October 19, 2007 – March 31, 2008
Event: Alma-Tadema and the nostalgia of ancient Naples
National archeologic museum
The evocative archaeological discoveries of Pompeii and the Vesuvius area, the subject of in-depth excavations during the nineteenth century, exerted a very strong influence on the imagination of painters and writers during the century, restoring a vivid and extraordinarily present image of the ancient world, with its social, political, daily and artistic reality.
Alma-Tadema and the nostalgia of the ancient is the exhibition promoted by the Campania Region as part of the review “Events in Campania 2007” and by the Regional Directorate for Cultural and Landscape Heritage of Campania with the support of the Compagnia di San Paolo, curated by Stefano De Caro, Eugenia Querci, Carlo Sisi.
+ The exhibition traces for the first time a panorama of the development of neo-Pompeian painting in Italy, placing it in a wider international context and placing it in dialogue with the works of the main and most recognized lover of the genre: the Dutch-born, English artist by adoption, Lawrence Alma-Tadema (1836-1912).
The fourteen “museum paintings” of the artist represent an extraordinary rebirth of the Roman (and to a lesser extent, Greek) world, with all the equipment of ancient furnishings, refined clothes, rooms embellished with marble and riot of flowers. With refined technique and meticulous design, he evokes the dream of a world populated by women of absorbed beauty, where the corporeal materiality of the representations eludes the detached neoclassical idealism and makes nostalgia for the past feel urgent and real.
Thanks to his deep archaeological and literary knowledge of classical antiquity, he is able to revive, in a finely aesthetic way, a world now lost, where everyday scenes take on the shades of myth.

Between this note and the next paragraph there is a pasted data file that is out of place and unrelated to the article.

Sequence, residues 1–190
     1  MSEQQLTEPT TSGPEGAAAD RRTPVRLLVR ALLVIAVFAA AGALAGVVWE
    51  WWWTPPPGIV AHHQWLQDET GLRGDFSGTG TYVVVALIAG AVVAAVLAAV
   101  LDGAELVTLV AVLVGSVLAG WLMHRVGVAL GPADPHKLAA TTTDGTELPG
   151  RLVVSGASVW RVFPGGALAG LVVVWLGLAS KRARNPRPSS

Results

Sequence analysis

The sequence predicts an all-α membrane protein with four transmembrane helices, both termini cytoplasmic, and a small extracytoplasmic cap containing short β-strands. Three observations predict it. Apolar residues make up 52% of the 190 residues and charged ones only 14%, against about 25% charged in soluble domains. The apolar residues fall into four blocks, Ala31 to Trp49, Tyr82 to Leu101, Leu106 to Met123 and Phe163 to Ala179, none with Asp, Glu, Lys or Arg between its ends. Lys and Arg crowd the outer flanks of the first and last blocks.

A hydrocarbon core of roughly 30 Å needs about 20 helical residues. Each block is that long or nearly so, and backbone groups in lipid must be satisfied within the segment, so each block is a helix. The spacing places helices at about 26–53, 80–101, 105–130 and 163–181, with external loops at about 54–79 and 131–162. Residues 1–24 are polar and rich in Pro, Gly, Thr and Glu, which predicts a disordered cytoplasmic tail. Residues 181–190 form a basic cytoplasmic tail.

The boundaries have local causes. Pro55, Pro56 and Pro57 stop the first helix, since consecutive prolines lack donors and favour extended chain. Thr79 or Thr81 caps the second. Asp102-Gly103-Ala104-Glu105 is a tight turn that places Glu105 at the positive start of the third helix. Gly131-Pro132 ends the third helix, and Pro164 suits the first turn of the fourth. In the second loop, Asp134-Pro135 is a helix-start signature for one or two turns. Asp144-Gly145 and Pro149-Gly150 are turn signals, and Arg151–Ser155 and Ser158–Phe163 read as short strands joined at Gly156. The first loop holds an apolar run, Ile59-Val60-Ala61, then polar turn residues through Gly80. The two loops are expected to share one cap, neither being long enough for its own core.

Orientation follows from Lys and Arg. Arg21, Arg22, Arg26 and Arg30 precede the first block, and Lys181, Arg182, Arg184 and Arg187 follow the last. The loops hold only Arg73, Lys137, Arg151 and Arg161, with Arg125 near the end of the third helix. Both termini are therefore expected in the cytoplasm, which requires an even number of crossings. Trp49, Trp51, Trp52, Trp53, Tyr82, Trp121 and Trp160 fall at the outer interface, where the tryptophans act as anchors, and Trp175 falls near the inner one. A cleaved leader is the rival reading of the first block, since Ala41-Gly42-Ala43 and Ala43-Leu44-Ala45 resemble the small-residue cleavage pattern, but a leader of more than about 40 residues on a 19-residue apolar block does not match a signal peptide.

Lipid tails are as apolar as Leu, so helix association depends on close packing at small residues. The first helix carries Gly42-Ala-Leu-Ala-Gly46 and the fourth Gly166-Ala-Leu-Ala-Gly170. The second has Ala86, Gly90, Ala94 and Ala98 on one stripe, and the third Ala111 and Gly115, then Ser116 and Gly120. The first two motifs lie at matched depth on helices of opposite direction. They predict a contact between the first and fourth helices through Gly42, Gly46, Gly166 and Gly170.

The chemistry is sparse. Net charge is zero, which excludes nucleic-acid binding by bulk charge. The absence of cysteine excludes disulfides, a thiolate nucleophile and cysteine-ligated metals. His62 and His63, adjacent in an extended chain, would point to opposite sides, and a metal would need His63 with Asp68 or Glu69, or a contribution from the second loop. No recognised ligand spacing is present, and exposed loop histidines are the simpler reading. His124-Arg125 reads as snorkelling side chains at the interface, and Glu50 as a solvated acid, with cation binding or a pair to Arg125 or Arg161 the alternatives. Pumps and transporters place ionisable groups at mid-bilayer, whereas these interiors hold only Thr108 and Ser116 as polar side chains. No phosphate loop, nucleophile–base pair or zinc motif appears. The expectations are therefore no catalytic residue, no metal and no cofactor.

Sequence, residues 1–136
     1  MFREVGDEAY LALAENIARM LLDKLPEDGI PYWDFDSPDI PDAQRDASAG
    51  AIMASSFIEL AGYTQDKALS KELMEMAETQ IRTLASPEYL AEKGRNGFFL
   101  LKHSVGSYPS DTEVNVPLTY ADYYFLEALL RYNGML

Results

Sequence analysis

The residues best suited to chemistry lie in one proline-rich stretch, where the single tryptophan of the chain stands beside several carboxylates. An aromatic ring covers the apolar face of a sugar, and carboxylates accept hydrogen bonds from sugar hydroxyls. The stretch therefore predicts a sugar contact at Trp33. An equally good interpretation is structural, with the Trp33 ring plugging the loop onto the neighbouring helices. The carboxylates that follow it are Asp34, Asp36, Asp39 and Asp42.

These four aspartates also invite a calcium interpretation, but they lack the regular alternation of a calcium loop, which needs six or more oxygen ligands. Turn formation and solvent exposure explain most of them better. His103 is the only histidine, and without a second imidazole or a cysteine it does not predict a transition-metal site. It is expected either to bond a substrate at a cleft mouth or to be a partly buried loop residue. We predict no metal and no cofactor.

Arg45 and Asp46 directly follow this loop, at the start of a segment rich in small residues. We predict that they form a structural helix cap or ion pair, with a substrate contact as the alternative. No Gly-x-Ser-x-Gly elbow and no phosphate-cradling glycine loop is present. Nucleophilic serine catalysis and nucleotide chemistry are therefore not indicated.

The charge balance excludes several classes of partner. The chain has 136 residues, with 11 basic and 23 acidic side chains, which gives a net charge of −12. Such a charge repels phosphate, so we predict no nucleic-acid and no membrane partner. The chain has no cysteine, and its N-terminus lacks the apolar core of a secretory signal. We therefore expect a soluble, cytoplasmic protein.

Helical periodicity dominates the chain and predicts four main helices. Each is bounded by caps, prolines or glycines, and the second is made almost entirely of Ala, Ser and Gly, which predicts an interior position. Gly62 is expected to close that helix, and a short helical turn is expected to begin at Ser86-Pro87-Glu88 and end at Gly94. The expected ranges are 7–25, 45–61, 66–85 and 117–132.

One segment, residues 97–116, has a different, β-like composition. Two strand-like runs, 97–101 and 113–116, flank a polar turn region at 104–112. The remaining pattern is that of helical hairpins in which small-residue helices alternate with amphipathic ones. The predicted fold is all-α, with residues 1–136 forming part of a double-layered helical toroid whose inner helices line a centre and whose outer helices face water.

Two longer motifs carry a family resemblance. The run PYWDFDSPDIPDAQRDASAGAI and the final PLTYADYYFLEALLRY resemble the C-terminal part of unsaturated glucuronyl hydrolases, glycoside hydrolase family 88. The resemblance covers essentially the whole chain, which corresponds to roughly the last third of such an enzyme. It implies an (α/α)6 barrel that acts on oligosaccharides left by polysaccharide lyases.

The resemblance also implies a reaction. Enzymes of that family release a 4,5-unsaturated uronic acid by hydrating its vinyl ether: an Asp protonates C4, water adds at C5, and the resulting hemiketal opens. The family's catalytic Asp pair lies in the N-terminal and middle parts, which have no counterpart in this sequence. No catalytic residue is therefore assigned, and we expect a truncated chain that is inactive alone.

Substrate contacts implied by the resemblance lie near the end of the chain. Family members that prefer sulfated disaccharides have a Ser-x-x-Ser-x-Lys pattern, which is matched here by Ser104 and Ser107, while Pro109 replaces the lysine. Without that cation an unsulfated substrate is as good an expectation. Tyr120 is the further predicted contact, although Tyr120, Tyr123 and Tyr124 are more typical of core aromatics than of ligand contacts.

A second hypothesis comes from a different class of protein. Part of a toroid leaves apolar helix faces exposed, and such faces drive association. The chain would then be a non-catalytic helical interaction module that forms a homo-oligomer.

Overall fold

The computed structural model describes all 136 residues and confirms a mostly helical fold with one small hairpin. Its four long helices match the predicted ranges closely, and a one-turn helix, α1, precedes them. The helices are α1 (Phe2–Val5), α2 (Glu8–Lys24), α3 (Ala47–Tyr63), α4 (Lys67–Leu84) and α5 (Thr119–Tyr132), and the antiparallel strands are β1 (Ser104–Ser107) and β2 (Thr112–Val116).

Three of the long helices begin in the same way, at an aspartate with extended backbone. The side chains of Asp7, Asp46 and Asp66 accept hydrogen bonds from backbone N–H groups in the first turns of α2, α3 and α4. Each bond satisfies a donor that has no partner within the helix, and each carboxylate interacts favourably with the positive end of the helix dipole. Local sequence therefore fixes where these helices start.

The monumental vestiges of Rome, but even more the ruins and finds from Pompeii, Herculaneum and the whole Vesuvian area, are the sources of inspiration not only for Alma-Tadema, but also for the wide array of Italian and foreign artists (sixty works on display) who approach the neo-Pompeian genre.
Their painting is intended for an upper bourgeois class who loves to recognize themselves, thus ennobling their vices and virtues, in the rites and customs of a now remote society but also re-proposed in the present thanks to the archaeological finds whose discoveries were widely publicized.
The National Archaeological Museum of Naples, which houses the exhibition, collects one of the most prestigious archaeological collections in the world and houses many of the precious finds mentioned, recalled, reworked in the paintings of Italian artists and Alma-Tadema.
A selection of these materials (about fifty archaeological finds) coming from the Vesuvian excavations (statues, tripods, candelabra, frescoes) will be presented in the exhibition, often in comparison with the paintings that have drawn inspiration from them. Among the archaeological works, some Pompeian furnishings, especially bronzes and silverware, are exhibited for the first time after having been subjected to dedicated restoration interventions.
The exhibition itinerary, which dedicates ample space to the Italian school (Gigante, Palizzi, Muzzioli, Maccari, Miola, Morelli, D’Orsi, Netti, Bargellini), starts from the paintings that portray archaeological landscapes (the excavations of Pompeii , the interiors of the houses, the excavators at work, the visiting tourists), interpreted in a realist or more subtly evocative key, to then pass, through a temporal and logical leap, to the material evocation of those ancient places and environments , rebuilt and again populated by their inhabitants.
+ The large section dedicated to the daily dimension shows the visitor the awakening of the ancient shops, the life of masters and clientes, the scenes of female intimacy, religious rituals, gladiatorial entertainment, life at the spa: themes interpreted by different artists according to an always peculiar vision.
We then move on to scenes related to the life of historical figures and public history, to then get to the heart of the exhibition: a selection of works by Alma-Tadema, from important international collections, public and private, dialogues with the Vesuvian archaeological materials that the more they acted on the artist’s imagination.
The exhibition is completed by a selection of documents and decorative art objects from the nineteenth century (tables, ceramics), also inspired by archaeological discoveries and the re-enactment of antiquity. The exhibition catalog is published by the Electa publishing house.